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After these training sessions at the Gambella Anglican Centre, the Mothers’ Union representatives return to train women in their local villages. Some of these training sessions exceeded expected numbers. For example, the Mothers Union in Pinyadu Refugee Camp held 4 separate training days on clean water with 125, 135, 109 and 123 participants respectively. Participant feedback included “we never realised that when a well person drinks from the same cup as a sick person, the well person could become sick” and “one woman has made a table on which to dry her dishes in the sun and now all her neighbours are using it.

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Training on Clean Water with the Mothers Union in Gambella

In a recent survey conducted by the Anglican Church in Gambella, Ethiopia, it was found that an average of 2 to 4 children survived per an average of 9 to 11 children born into the family. Most of these children die under age 5 from communicable disease and malaria.

With the support of Anglican Aid, a three year training program for the Mothers Union has started to address issues of poverty and health. The Mother’s Union is an integral part of the Anglican Church in Gambella, and is actively engaged in literacy programs, church activities, practical help, prayer and visitations to the sick. The new training program will expand the role of the Mothers Union, providing theological and practical skills to women across 70 villages. This will be done through a ‘train-the-trainer’ program, which will empower women to affect change in their own communities.

Dr. Wendy LeMarquand, the project co-ordinator, reports on the first training session. “On September 4th and 5th, we hosted 34 women representing 20 distinct Mothers’ Union groups functioning out of our 14 Mission Centres spread throughout the Gambella region.

It was wonderful to see how intently the women listened to the introductory story dealing with issues of how we learn and how we can work together to help take care of problems in the community. And it was a delight to see how much they enjoyed using pictures and story-telling as they later practiced teaching this to one another! They had lots of fun looking through magnifying glasses and binoculars in the session on how we are able to see things that contaminate water, and they were amazed (and quite horrified!) at the pictures of microorganisms shown to them on my computer!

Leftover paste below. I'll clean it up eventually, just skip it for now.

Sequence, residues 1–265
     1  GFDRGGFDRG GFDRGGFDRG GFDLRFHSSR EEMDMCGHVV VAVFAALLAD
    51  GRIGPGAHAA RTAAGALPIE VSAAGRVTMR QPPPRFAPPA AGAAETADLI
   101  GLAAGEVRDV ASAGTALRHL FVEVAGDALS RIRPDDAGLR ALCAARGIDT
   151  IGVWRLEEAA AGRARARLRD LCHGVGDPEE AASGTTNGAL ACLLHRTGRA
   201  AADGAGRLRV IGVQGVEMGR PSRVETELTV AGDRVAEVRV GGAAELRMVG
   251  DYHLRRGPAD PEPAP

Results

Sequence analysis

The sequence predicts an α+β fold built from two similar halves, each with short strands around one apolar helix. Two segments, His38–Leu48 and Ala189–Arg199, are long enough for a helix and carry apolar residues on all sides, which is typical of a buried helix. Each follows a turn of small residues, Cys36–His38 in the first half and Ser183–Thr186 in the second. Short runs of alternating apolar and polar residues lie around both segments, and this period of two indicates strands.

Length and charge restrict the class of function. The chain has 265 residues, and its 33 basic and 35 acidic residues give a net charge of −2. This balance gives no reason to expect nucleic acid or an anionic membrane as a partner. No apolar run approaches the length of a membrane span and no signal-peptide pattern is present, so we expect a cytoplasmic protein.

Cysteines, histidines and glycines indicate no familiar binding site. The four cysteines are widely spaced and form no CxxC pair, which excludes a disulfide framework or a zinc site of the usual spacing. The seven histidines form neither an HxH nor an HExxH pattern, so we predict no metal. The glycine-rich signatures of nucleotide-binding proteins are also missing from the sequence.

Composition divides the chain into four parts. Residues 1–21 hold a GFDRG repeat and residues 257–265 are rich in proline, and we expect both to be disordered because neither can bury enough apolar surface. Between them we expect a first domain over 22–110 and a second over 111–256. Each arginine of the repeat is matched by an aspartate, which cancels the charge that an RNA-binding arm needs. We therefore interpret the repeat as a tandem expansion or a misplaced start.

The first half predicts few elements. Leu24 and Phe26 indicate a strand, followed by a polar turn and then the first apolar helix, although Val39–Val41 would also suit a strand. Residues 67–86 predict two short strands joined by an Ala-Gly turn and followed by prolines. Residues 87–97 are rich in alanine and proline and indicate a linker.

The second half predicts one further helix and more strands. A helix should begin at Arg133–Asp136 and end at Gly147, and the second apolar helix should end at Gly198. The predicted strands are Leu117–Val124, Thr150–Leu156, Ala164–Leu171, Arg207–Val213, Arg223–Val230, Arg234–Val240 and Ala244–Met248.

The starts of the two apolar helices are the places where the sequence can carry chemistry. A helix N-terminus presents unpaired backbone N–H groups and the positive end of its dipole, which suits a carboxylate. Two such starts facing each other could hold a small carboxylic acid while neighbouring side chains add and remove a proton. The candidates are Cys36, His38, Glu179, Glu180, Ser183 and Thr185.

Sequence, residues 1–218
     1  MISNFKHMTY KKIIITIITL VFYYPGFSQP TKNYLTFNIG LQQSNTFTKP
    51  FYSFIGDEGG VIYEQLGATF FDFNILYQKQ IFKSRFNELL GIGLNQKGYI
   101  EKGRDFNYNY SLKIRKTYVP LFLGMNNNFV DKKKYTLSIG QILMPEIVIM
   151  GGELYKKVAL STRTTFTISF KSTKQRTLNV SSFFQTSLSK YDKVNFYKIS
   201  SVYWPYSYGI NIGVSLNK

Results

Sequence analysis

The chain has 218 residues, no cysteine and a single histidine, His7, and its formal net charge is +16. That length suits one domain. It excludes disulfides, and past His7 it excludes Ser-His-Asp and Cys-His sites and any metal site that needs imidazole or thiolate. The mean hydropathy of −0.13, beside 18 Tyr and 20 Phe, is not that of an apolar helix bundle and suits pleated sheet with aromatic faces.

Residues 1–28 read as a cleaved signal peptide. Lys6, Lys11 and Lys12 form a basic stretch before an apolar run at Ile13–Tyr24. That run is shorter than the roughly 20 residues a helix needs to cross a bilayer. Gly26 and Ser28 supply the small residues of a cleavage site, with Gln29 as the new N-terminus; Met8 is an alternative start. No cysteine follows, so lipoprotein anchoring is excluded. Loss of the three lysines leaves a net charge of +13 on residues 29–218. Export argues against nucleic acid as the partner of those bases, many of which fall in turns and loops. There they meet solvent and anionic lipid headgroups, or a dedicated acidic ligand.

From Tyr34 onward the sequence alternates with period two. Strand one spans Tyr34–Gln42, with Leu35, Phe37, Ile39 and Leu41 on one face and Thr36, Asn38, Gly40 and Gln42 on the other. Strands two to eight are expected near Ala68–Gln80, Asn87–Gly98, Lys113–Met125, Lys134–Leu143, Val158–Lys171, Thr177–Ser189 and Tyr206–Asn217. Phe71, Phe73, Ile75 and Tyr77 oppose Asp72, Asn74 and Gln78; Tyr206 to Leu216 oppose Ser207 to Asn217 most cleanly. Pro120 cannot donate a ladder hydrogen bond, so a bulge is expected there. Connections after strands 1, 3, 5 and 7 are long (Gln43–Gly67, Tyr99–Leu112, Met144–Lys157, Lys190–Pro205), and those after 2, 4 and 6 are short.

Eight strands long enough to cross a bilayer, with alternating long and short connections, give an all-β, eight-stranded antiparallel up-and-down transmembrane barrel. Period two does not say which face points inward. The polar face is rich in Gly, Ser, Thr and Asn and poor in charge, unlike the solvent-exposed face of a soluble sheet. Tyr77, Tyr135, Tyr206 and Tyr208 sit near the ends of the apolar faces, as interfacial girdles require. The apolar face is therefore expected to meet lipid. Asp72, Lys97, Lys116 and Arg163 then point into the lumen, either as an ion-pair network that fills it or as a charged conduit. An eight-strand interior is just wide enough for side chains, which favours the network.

Our practice sessions on solar water purification, water filter construction, clean water dispensers and dish drying racks were full of laughter, good questions and good discussion. When each of the representatives left to return to their Mission Centres, they carried the materials to make their own clean water dispensers, carrying these simple, inexpensive and locally available items as if they were carrying costly treasure.

These ‘water dispensers’ that our representatives will make during their own community demonstration/teaching sessions will replace the common open (and never washed) communal pot of water (which is usually kept inside the church office, in the dark), and into which one unwashed cup is passed from one coughing adult to one feverish child, to another with diarrhea, etc.

Some were moved to tears to think that what they are learning may save the lives of their precious children. To think that the occurrence and re-occurrence of diarrhea is something that can be taken care of and prevented was a new concept to many. To communicate these important truths in a way that is fun, non-judgmental and memorable is one of the main goals of the program.

Our Mothers’ Union representatives will return to teach what they have learned by holding a teaching day for all of our 1500 Mothers’ Union members at the Mission Centres, and then by holding a second teaching day at our 60+ local churches where each Mothers’ Union member is encouraged to invite and teach at least one community guest.

The Mothers Union in Gambella requires further support for these training sessions. Please contact Bishop Grant and Dr Wendy LeMarquand for further information